Saturday, January 02, 2010

Good Times (Except For Jimmy) At Rockingham's Polar Bear 150

The Sirius Speedway gang (well, most of them) made a New Year's Day pilgrimage to Andy Hillenburg's Rockingham Speedway Friday for the 2010 running of the "Polar Bear 150." The day dawned chilly -- and stayed that way -- but the racing was red-hot, as Chuck Barnes held off a last-lap challenge from Brett Hudson to win the 150-lap event for the second year in a row. Will Kimmel finished third, with Frank Kimmel II and Chad Hall completing the Top Five.

The Frank Kimmel Street Stock Nationals event was a thriller from start to finish, with 18 official lead changes and 12 caution flags, including a pair of red-flag stoppages for multi-car pileups. Jimmy Elledge's Sirius Speedway/L&M Construction #81 Chevrolet qualified tenth for the main event, but fell back slightly after the race's Grand Marshall, Sirius Speedway host Dave Moody put the field under green.

Elledge brought his extremely loose race car back from the brink of disaster a handful of times in the opening laps, before finally spinning in Turn Three on lap 44. A number of drivers took evasive action before Elledge's pristine Monte Carlo took a hard hit to the nose that sent him behind the wall for the remainder of the day.

“It’s my fault," said Elledge afterward. "I was being stupid and driving too hard. The car was way too loose, and I was trying to get to halfway to get it tightened up. Unfortunately, I was faster than the guy in front of me and couldn't resist going for the spot. When I got below him, he drove in on the outside of me and forced me to the bottom of the racetrack. I was WAY too loose on the bottom, and it got away from me.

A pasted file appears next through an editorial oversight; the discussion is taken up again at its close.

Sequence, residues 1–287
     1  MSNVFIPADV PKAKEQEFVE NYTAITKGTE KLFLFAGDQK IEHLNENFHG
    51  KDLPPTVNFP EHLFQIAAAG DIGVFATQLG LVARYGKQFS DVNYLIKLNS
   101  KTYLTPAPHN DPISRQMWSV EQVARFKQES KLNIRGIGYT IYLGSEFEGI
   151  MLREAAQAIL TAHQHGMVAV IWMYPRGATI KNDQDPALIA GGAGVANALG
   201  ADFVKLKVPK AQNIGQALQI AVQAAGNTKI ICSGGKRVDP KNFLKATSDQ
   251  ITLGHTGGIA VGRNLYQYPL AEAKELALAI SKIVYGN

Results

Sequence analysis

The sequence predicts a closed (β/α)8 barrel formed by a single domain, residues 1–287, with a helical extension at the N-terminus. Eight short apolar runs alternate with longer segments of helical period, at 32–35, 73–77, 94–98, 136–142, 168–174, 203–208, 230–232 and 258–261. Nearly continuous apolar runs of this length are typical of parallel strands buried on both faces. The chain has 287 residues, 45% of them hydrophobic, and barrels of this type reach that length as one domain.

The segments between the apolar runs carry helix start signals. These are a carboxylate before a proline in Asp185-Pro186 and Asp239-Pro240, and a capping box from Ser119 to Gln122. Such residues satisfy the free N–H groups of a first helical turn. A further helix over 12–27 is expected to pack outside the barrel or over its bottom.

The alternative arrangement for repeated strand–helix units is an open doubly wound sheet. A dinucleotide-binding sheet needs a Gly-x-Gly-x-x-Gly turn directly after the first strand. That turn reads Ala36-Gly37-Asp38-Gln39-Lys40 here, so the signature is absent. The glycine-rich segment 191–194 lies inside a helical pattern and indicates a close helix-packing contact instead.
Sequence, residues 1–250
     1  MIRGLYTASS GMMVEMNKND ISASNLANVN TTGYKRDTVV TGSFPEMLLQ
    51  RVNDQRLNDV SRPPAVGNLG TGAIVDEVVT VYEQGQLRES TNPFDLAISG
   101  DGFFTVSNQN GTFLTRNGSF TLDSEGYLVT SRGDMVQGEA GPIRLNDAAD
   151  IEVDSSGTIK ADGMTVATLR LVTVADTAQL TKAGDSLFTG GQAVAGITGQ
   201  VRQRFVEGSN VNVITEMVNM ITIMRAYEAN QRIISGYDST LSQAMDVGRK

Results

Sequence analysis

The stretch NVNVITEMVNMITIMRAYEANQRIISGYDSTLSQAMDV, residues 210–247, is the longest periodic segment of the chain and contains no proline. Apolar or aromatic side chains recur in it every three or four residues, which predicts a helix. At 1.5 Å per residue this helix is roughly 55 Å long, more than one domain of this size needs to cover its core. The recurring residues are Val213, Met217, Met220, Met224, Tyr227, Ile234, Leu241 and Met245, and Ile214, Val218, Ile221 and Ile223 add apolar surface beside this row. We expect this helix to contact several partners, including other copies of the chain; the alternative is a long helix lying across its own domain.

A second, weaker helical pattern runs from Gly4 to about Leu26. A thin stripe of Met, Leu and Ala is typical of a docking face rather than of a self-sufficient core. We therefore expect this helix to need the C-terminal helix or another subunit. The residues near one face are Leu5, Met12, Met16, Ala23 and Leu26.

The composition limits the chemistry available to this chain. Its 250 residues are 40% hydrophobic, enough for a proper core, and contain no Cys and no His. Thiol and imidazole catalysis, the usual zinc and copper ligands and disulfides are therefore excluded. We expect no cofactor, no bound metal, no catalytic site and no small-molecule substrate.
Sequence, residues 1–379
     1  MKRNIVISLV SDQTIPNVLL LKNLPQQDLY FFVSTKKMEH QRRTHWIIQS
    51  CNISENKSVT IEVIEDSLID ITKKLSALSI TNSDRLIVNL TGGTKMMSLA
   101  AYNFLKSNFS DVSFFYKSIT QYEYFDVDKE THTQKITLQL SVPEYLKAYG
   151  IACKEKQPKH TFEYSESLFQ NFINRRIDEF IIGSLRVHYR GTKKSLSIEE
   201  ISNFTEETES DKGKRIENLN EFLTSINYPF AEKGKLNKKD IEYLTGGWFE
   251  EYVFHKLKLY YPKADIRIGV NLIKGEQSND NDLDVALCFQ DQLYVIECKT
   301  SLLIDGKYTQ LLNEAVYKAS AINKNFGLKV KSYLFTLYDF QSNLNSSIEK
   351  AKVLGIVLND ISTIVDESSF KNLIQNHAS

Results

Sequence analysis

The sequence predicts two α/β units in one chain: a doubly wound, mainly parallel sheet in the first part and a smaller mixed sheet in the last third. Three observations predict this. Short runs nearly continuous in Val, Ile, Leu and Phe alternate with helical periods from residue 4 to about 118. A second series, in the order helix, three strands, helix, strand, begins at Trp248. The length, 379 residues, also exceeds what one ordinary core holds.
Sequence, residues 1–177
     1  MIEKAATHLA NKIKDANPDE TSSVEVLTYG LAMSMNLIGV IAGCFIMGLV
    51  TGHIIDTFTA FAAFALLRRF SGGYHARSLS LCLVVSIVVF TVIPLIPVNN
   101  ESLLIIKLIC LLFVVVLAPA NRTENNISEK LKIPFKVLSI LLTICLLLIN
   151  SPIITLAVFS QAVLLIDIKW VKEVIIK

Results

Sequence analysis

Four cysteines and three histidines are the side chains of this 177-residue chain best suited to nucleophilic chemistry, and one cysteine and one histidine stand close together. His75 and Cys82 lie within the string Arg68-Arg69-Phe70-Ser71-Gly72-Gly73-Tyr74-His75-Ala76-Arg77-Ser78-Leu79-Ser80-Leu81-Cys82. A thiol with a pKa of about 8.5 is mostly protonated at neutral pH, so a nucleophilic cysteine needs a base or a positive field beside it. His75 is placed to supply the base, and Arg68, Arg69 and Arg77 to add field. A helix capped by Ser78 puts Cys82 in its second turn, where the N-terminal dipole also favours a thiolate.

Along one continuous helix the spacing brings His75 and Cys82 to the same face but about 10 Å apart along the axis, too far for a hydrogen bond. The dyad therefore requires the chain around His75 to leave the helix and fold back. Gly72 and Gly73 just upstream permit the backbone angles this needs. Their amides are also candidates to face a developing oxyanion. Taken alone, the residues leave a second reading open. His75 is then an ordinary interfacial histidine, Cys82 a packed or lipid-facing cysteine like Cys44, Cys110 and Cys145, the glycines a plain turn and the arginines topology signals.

"I spun out and wrecked. It was nobody’s fault but mine.”

Despite pacing Thursday's lone practice session, qualifying on the pole and capturing the checkered flag in the main event, winner Barnes admitted in Victory Lane that he did not have the fastest car.

“We had a good car, not the fastest,” he said. "Brett Hudson is a good driver and had the fastest car, I think. These cars are a whole lot better when they’re out front, and somehow I managed to stay in front of him after the last restart. He drove me clean, and he deserved to win because he had a better car.”

Attrition was high, with a pair of six-car crashes among the 12 caution periods. Only nine cars were able to finish on the lead lap, and nearly a third of the 68-car starting field was in the garage by the halfway point.

Thanks to Andy Hillenburg and his staff for providing a great start to the 2010 racing season. See you next year!

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